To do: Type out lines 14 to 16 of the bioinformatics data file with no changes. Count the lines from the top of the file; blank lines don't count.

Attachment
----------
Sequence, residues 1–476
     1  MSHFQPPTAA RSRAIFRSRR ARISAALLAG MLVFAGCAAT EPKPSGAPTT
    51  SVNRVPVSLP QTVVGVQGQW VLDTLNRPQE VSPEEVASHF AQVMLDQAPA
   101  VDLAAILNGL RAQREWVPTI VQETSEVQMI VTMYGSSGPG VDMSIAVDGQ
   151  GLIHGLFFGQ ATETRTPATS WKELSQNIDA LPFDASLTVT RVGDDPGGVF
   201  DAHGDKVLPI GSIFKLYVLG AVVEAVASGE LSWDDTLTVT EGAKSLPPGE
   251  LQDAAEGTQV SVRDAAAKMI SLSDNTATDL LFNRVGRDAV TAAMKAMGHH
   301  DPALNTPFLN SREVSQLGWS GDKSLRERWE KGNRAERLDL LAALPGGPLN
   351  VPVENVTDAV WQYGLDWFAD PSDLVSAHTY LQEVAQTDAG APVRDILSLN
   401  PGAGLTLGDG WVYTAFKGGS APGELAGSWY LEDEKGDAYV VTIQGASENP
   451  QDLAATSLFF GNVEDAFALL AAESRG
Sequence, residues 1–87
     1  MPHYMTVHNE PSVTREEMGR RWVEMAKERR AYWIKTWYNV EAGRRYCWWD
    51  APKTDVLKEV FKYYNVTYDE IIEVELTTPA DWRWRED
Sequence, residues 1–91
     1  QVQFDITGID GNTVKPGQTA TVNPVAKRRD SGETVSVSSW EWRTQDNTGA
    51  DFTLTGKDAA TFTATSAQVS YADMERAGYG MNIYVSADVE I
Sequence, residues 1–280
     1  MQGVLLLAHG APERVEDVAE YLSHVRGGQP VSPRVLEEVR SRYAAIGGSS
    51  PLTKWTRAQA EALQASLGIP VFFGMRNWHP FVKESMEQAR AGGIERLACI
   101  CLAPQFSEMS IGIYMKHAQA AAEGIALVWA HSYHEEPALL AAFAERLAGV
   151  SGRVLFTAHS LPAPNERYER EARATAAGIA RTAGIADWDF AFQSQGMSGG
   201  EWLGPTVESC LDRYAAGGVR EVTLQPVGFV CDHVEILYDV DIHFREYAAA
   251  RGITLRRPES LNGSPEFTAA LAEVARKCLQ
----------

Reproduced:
    51  APKTDVLKEV FKYYNVTYDE IIEVELTTPA DWRWRED
Sequence, residues 1–91
     1  QVQFDITGID GNTVKPGQTA TVNPVAKRRD SGETVSVSSW EWRTQDNTGA